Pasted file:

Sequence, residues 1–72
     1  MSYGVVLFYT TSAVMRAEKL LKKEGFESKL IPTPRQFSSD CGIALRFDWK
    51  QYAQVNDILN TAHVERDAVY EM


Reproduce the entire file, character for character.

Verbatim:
Sequence, residues 1–72
     1  MSYGVVLFYT TSAVMRAEKL LKKEGFESKL IPTPRQFSSD CGIALRFDWK
    51  QYAQVNDILN TAHVERDAVY EM